HomeBusinessPower company in bid to end load-shedding

Power company in bid to end load-shedding

The company, which specialises in high voltage maintenance and construction of substations, has a  client base composed of mines, farms, telecommunication service providers, local government authorities and other bulk electricity consumers.

“We are currently working together with Zesa in areas such as transformer oil filtration and cable fault location,” PNP  business development manager Alois Matarangwanda said.

Matarangwanda said PNP was equipped with cable fault locators that identify faults in the shortest possible time without necessarily digging in the ground to find them.

PNP is constructing a dedicated feeder for Rusape town council to ensure that the area is ring fenced and spared from load shedding.

He explained that the company is strategically positioning itself to fill the void in Zimbabwe’s power supply market, as they have recently applied for a licence adding that this will reduce the costs associated with importing high voltage electrical equipment.

PNP, which is capitalised to the tune of US$1 million, owns a transformer oil purification plant with a capacity of 4 500 litres per hour, substation commissioning equipment, cable phasing gear and infrared thermography equipment.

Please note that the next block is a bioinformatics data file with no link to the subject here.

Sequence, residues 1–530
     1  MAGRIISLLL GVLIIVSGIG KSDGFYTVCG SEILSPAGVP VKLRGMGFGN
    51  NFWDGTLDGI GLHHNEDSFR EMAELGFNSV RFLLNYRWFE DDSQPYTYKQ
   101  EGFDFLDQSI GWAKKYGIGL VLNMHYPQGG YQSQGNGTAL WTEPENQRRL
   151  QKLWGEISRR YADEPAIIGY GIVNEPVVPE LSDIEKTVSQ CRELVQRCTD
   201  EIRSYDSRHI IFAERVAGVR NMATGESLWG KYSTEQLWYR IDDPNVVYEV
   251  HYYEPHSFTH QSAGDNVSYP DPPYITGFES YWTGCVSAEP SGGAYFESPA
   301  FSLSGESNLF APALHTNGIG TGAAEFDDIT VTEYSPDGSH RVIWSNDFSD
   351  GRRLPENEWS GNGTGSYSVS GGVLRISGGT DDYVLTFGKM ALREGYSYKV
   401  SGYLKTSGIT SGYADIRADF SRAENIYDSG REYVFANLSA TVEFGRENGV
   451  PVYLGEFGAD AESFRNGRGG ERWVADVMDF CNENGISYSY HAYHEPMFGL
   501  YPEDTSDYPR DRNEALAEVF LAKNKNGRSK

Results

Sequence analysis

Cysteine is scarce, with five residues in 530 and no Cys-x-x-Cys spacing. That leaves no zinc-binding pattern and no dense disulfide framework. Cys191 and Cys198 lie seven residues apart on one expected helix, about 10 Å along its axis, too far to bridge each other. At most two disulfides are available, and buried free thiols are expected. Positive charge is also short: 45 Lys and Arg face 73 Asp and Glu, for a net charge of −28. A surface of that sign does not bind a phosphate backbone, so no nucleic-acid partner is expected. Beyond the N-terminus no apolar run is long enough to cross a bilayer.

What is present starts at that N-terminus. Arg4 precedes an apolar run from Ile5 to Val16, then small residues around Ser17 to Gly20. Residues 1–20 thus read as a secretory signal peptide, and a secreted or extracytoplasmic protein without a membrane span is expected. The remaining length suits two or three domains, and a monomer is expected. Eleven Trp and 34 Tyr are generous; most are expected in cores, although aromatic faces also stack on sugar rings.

Matarangwanda however bemoaned the limited credit facilities that banks are offering saying this would cripple new entrants’ efforts to enter the power generation business.

“We have been operating on the basis of re-investment, raising capital from funds generated by projects, but our new partners will assist us to make a presence in Zimbabwe very soon,” he said.

Zesa spokesperson, Fullard Gwasira said that although the power utility is not a licensing authority,  it would welcome the entry of new players in the electricity sector.

Zesa has only two cable fault locators, servicing the whole country, which detect underground cable faults while the country’s undergro-
und power lines are old and breaking down constantly.

“Indeed we only have two working machines at the moment but it must be understood that recapitalisation constraints, debts owed by customers and the hyperinflationary environment we came from before 2009 have badly affected Zesa,” Gwasira said.

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